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Documentation & User Guides | FotoWare

Good practice for organizing users in groups

Is there a clever (or preferred) way to organize users and groups in FotoWeb?

In many Active Directory hierarchies, we see that administrators group people by the organizational department they're part of. This can (but may not always) prove a challenge with FotoWeb, since more fine grained access control is required. The suggestion and example below offers a potential solution to this, by expanding on the departmental approach in a way that makes the system more manageable to the FotoWeb administrator without upsetting the domain administrators. Read on to learn how!

 

Instead of just mapping departments to groups, as is often the case in a regular Active Directory setup, it may be a good idea to also create groups that represent people based on their roles - which resources they can access and what they're allowed to do with them. That way, it will be possible to add existing AD groups (representing departments) to the groups that represent roles. This approach also does away with the necessity of having to manually reorganize the structure on the user level.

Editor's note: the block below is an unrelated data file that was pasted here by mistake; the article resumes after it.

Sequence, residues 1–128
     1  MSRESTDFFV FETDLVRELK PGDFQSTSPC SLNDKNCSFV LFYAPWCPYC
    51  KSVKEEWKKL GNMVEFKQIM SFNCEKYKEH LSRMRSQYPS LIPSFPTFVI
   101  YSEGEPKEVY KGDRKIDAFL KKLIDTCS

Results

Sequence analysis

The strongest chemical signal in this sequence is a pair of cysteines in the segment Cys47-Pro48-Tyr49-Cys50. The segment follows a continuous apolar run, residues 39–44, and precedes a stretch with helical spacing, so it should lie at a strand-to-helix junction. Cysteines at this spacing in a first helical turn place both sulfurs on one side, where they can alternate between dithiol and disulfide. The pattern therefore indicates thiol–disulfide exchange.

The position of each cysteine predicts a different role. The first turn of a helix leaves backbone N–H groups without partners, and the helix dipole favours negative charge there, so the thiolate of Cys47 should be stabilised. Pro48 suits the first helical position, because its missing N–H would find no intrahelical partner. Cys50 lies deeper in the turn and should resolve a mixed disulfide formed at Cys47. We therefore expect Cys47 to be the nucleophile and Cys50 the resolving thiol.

Example:
  • Group:Album users (has access to create albums)
  • Group: Album sharing (has access to share albums)
  • The existing AD Group Marketing is a member of the Album users and the Album sharing group, but does not have explicit album rights on its own.

Tip: Roles can be modeled directly using AD groups or using groups that only exist in FotoWeb but have AD groups as members. Individual users from the AD can also be added to such a role group.

Why is this so important?

Understanding roles helps you have fewer groups to deal with in the FotoWeb access lists. That's a good thing as the system expands as you won't have to rethink the entire structure of things as user adoption increases.

A possible caveat (and key to solving it)

The following scenario may pose a challenge, so a solution has been suggested further down.

  • Group A has access to "apples"
  • Group B has access to "oranges"
  • A user who is a member of both groups should have access to "apples or oranges", but attempting to do things this way will not work.
Solution
  • Create a new GroupAB and make it a member of Group A and Group B.
  • Give GroupAB access to "apples or oranges"
  • Make sure the access list entry for GroupAB comes before the ones of Group A and Group B in the archive access list.